White House aide sees improved U.S. Budget picture

WASHINGTON – In his first major speech as White House economic adviser, Ben Bernanke predicted on Tuesday that the 2005 U.S. budget deficit could come in “well below” previous estimates because of robust tax revenue.

Estimates of wage and salary income have been lifted “substantially” and it is possible that the labor market is stronger than previously thought, said Bernanke, a former Federal Reserve governor who last month became chairman of the White House Council of Economic Advisers.

“One consequence of the strong income growth we are enjoying is higher-than-expected levels of tax collections so far this year which, if maintained with spending controls, will reduce the government’s budget deficit for this year well below its projected level,” he told the American Enterprise Institute, a conservative think tank.

Bernanke said the administration would be monitoring the booming U.S. housing market, which Federal Reserve Chairman Alan Greenspan has said shows signs of “froth.”

Bernanke said “speculative behavior” appears to be surfacing in some local housing markets, but a good deal of its strength is tied to economic fundamentals such as low interest rates and rising incomes.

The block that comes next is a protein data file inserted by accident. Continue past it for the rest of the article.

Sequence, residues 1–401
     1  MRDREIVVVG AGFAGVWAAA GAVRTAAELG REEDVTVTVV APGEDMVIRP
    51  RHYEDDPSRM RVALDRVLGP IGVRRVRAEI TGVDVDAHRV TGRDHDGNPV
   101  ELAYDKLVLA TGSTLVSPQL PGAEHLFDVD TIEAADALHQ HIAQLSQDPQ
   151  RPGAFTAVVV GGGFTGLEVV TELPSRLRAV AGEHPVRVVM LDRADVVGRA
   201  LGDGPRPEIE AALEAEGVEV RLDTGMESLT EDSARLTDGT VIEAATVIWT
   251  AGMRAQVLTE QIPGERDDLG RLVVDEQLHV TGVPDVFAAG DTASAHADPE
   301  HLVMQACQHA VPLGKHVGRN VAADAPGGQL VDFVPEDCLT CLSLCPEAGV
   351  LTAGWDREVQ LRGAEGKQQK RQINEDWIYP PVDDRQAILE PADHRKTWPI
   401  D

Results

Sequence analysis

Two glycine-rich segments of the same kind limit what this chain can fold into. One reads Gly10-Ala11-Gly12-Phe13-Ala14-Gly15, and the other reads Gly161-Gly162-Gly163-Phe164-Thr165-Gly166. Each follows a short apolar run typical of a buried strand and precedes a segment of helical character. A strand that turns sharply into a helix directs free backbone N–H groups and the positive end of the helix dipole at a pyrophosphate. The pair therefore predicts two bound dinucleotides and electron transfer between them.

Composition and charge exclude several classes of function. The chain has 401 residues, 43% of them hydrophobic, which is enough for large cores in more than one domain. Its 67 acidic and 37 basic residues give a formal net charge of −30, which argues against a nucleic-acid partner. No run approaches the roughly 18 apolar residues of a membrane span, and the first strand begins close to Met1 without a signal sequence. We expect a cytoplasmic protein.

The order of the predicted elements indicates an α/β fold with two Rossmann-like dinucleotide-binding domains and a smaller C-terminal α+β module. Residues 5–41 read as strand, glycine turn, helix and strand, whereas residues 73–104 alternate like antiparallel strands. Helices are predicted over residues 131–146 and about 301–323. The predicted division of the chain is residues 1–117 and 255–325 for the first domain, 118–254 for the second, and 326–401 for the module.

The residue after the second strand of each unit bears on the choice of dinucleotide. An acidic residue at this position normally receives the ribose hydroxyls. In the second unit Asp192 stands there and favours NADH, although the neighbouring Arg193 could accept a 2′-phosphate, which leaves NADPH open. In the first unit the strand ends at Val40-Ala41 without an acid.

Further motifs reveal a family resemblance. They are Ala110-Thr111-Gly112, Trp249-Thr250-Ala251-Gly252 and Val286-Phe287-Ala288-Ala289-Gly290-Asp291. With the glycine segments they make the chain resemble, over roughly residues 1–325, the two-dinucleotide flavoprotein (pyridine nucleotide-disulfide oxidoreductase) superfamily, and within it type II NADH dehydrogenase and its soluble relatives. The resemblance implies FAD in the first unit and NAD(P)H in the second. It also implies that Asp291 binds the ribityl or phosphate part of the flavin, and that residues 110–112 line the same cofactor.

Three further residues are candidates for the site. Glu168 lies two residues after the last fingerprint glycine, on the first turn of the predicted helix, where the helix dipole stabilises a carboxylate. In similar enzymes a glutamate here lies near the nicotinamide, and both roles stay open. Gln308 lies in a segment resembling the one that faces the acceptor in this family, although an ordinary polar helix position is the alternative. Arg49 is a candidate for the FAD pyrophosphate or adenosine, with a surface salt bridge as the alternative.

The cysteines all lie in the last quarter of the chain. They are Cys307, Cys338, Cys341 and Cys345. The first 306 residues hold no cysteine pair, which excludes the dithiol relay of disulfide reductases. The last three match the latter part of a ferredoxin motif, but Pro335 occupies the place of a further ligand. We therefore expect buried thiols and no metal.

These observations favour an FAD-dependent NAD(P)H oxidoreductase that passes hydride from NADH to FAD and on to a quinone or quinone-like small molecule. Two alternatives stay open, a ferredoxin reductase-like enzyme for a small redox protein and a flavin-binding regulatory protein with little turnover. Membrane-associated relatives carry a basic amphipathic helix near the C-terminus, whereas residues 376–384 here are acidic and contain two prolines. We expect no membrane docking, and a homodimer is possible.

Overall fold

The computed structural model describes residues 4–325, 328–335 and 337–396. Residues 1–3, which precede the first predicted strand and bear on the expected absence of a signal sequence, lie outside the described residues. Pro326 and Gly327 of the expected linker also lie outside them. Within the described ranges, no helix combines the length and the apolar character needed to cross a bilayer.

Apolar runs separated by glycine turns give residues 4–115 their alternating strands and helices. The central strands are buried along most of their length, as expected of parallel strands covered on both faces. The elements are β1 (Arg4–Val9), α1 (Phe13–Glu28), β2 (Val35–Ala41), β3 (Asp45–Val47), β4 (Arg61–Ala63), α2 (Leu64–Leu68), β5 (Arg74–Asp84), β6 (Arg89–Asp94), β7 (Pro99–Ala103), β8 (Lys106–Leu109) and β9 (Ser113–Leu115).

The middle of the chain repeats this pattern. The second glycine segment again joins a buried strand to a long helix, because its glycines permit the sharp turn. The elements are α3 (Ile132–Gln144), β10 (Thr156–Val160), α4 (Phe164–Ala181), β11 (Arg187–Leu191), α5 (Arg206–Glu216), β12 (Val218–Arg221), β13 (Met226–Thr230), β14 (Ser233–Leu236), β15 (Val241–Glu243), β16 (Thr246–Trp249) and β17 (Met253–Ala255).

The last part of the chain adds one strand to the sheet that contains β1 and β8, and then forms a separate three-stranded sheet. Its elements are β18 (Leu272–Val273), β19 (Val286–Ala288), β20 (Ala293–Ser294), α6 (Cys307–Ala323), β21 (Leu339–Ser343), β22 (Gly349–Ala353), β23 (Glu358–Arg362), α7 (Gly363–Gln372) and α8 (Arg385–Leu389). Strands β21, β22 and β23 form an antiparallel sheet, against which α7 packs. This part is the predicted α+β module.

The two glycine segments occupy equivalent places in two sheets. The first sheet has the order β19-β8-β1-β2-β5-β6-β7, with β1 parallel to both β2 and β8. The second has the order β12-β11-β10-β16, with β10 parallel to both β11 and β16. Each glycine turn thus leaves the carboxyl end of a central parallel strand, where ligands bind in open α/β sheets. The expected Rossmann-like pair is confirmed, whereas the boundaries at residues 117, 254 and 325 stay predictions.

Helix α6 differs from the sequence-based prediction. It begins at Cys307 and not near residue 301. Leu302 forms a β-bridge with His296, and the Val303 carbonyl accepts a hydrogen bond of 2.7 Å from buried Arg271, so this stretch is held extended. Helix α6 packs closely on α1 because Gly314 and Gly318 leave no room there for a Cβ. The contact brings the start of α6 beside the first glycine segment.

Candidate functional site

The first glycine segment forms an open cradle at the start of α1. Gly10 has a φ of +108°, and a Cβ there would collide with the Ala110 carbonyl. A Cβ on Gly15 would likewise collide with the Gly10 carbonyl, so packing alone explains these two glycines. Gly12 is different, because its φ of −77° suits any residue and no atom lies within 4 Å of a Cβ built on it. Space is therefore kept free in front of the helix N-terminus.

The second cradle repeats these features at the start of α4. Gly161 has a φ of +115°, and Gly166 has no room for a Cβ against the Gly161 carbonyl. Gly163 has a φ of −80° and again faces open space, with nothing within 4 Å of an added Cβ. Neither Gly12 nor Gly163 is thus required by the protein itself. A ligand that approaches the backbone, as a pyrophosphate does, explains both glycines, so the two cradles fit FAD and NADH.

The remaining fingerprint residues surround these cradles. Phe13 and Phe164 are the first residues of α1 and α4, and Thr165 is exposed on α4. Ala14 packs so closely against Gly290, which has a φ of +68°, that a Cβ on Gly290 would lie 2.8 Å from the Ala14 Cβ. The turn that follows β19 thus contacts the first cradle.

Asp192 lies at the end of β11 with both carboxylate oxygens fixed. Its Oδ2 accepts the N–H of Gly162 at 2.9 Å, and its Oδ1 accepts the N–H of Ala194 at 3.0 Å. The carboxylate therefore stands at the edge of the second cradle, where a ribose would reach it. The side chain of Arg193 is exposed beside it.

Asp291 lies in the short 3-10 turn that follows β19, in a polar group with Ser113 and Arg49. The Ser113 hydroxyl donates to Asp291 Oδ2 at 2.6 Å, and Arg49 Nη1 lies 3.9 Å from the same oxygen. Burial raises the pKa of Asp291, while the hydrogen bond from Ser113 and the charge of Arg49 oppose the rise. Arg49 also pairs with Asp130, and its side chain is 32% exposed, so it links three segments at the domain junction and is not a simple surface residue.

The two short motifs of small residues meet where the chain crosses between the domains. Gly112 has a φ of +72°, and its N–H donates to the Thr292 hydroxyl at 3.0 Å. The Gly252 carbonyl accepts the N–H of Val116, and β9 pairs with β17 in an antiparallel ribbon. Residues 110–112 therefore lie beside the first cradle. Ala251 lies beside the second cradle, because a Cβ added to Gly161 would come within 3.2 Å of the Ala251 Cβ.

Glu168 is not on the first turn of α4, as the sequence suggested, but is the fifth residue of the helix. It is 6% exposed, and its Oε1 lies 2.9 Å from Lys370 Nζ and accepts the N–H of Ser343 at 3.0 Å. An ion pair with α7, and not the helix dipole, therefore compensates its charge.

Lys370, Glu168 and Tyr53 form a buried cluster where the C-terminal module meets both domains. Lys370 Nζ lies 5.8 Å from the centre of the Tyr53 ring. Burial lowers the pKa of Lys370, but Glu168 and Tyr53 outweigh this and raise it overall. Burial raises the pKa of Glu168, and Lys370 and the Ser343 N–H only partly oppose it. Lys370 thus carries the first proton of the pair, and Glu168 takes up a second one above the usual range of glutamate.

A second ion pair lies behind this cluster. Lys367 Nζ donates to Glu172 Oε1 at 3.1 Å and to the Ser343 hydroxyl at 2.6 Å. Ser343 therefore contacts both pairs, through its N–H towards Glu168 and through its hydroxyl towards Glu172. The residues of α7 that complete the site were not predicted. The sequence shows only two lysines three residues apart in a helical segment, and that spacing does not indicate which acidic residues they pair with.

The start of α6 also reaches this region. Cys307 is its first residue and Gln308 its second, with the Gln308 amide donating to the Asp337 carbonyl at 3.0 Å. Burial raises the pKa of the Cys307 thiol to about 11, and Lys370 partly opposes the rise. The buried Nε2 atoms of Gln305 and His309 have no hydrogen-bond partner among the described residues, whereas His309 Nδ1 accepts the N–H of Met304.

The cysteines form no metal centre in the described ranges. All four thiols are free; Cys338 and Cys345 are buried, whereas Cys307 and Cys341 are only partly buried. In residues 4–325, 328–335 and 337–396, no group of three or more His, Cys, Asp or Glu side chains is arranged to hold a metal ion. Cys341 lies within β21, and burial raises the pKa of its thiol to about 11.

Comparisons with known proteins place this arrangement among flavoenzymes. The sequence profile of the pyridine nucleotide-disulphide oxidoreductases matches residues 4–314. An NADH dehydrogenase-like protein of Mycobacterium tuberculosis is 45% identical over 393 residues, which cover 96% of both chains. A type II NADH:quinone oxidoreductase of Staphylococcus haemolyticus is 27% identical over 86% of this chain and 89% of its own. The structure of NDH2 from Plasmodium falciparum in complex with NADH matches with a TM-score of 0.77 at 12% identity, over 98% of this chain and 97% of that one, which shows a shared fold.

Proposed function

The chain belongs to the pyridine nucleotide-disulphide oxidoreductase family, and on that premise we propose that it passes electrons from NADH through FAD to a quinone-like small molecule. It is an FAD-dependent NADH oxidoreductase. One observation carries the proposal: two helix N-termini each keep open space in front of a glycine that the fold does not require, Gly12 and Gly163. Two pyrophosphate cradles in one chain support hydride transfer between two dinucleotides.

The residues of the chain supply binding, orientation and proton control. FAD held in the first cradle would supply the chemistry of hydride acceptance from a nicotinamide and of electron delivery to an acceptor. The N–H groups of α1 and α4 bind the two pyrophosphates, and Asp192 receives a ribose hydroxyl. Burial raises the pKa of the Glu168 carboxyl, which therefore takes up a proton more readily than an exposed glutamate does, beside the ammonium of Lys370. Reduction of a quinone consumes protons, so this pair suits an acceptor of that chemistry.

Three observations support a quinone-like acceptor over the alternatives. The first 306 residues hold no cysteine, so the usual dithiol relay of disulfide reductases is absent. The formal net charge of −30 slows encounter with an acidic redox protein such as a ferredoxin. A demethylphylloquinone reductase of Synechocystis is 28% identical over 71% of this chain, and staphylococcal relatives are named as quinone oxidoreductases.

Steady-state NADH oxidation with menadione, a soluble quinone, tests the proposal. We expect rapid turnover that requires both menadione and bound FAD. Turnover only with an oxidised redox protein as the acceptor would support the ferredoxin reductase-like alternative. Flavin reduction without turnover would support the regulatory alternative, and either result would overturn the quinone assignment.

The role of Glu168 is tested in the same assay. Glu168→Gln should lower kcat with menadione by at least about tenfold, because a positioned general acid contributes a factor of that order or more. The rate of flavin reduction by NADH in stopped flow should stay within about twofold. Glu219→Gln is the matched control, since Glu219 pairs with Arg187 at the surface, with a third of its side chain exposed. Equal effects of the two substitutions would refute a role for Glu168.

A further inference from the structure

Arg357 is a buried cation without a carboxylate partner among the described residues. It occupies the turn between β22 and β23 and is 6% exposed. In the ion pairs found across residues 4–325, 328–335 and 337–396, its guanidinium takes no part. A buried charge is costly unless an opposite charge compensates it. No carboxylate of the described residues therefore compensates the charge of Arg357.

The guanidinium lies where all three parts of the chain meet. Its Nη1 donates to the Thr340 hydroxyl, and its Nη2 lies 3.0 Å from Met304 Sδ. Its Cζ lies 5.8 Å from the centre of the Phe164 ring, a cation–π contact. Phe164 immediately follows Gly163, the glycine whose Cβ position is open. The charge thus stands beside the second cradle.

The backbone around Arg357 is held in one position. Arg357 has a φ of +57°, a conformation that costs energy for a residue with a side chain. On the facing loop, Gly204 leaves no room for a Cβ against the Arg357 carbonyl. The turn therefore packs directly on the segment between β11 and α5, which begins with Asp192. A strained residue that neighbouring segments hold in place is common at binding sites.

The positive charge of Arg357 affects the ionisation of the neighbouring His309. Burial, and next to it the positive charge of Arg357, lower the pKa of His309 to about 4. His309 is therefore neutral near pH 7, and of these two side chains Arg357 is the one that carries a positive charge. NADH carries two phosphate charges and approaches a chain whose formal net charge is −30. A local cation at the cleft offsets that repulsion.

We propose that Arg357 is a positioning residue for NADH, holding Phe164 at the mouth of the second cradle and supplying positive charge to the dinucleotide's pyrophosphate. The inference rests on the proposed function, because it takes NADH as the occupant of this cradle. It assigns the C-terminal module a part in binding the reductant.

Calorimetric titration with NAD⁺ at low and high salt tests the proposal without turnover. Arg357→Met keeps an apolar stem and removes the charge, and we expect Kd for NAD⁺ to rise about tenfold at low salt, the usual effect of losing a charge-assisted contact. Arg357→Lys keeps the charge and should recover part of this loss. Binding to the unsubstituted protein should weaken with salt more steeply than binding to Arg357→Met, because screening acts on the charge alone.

“The administration will continue to monitor these developments,” Bernanke said. But he added the best defenses were vigilant lenders and bank regulators and “good sense on the part of borrowers.”

Regarding the government’s budget numbers, Bernanke did not offer specifics ahead of the government’s “midsession” update, which is scheduled to be released at 11:30 a.m. EDT (1530 GMT) on Wednesday.

The White House earlier this year projected a $427 billion shortfall for the fiscal year that ends Sept. 30, up from 2004’s record deficit of $412 billion. Some private analysts have projected a 2005 gap in the area of $350 billion.

Bernanke and other White House officials have touted progress in the budget situation as a sign President Bush’s tax-cutting policies are working.

However, some private economists have argued that at least part of the improvement is a temporary windfall from factors such as last year’s buoyant stock market.